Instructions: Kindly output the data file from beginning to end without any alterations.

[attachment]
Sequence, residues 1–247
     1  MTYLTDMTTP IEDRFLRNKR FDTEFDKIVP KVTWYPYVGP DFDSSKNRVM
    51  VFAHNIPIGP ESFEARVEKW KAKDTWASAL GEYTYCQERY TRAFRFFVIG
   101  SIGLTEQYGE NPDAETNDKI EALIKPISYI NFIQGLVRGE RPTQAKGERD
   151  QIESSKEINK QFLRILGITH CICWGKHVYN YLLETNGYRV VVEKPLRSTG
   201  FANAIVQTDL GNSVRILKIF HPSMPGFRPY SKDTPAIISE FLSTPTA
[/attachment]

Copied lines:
Sequence, residues 1–247
     1  MTYLTDMTTP IEDRFLRNKR FDTEFDKIVP KVTWYPYVGP DFDSSKNRVM
    51  VFAHNIPIGP ESFEARVEKW KAKDTWASAL GEYTYCQERY TRAFRFFVIG
   101  SIGLTEQYGE NPDAETNDKI EALIKPISYI NFIQGLVRGE RPTQAKGERD
   151  QIESSKEINK QFLRILGITH CICWGKHVYN YLLETNGYRV VVEKPLRSTG
   201  FANAIVQTDL GNSVRILKIF HPSMPGFRPY SKDTPAIISE FLSTPTA